The Wellesley Middle School Wrestlers (a.k.a., Junior Monks) finished up their post-season over the weekend, and their performances bode well for high school teams if they choose to participate at the next level.
8th grader Frank Mendes reached the quarterfinals in his weight class competing among nationally-ranked wrestlers at the Youth New England Wrestling Championships at St. Anselm College in Manchester, N.H. Mendes had come in 3rd in the state tournament last month to qualify for the regionals in New Hampshire.
Other top performers include Jay Butler, an 8th grader who competed in the recent Big East tournament in Boston and came in 2nd in his weight class. Jonah Ginsberg, a 7th grader, placed 4th in the sectional tournament last month and advanced to the state tournament against mostly 8th graders.
All of the boys began wrestling in 6th grade.
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Roughly 85 students are learning Mandarin starting in 7th grade at Wellesley Middle School, and one of their big rewards is celebrating the Chinese New Year at school. The students, Mandarin teacher Ms. Min Zhau and parents recognized the Year of the Pig earlier this month.
Revelers consumed more than 750 dumplings and took part in games and activities designed by the WMS Mandarin students. This included calligraphy, a chopstick race, and a performance by the Boston Chinese Lion Club.
Funds raised from the event will go to a youth group in Chinatown.
Wellesley Middle School French teacher Rebecca Blouwolff has been recognized as Foreign Language Teacher of the Year by the Northeast Conference on the Teaching of Foreign Languages.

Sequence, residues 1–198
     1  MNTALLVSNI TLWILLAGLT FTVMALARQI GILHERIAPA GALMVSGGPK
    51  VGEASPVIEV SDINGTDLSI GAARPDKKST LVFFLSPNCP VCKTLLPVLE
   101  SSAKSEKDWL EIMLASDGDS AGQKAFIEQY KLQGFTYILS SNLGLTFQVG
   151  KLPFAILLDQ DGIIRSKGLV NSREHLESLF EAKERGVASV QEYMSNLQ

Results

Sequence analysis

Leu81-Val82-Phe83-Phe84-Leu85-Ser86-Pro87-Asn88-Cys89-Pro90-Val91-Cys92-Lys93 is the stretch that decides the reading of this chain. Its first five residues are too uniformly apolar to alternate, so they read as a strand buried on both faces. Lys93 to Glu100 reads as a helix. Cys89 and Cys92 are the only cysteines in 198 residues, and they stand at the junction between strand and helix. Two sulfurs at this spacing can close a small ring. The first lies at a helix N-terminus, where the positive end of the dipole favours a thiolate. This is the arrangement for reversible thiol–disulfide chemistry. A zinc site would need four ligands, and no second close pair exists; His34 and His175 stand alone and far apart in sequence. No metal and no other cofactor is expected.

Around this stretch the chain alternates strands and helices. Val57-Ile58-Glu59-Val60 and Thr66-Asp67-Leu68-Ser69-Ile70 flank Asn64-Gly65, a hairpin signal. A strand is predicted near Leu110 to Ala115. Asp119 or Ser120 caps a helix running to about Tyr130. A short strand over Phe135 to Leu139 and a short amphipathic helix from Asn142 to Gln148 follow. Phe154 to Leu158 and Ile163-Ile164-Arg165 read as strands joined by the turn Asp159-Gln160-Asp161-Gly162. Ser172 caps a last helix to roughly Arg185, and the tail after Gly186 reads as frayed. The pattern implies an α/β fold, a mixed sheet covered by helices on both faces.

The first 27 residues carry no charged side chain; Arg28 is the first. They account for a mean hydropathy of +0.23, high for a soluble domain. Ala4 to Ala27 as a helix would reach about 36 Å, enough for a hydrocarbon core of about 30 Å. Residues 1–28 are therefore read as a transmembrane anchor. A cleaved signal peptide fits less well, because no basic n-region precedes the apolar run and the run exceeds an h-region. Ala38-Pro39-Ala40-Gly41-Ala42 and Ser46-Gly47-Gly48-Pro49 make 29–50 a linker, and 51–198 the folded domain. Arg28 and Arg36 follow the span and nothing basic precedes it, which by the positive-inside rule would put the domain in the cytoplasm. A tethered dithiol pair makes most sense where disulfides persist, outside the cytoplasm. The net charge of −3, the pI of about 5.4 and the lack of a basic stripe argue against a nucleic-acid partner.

One of her students said that “what made her class so unique was that she not only taught us to love and care about French, but to love and care about people.”
The award highlights Blouwolff’s strengths as a world language professional who achieves continuous learning via National Board Certification and who broadens her skills through workshops and creative teaching styles.
Blouwolff will now represent the organization at a National Language Teacher of the Year competition.
I think we might need to crowdsource a reading of the Wellesley Town Warrant to get a full appreciation of its 42 articles set for discussion at Wellesley’s rendition of March Madness — Annual Town Meeting — set to begin March 25. But I’ve taken a quick read through with my non-lawyerly, non-consultancy, non-building contractor eyes, and here are some of the highlights and surprises (see the whole document below):
As always, debate will center around how much the town will spend and on what. The big bucks (millions to tens of millions) go toward operating the Public Works, Municipal Light Plant and other Wellesley staples. Smaller bucks ($50K) are the subject of Article 12 to go towards balers, compactors or other Recycling & Disposal equipment. Article 18 seeks to secure funds to refurbish the main branch of Wellesley Free Library, and the sometimes forgotten Wellesley Middle School and its aging plant are the topic of Articles 19 and 20. The Sprague turf fields and buying a new fire truck are also on the docket.
Among the more unusual items on the agenda will be appropriation of funds from the Commonwealth Transportation Infrastructure Fund to explore the impact of Uber, Lyft, etc. (i.e., “network transportation services”) on the town’s roads, bridges and so forth. With the MBTA continuing to jack up fares, it’s possible ride-sharing services will become even more popular among residents.
The most exhaustive articles, 31 and 32, respectively, tackle off-street parking and outdoor lighting. Tables and diagrams galore. Know your Foot-Candle from your Sky Glow.
I’m sure we’re overlooking a few gems that will spark robust conversation. Feel free to share your insights in the comments section.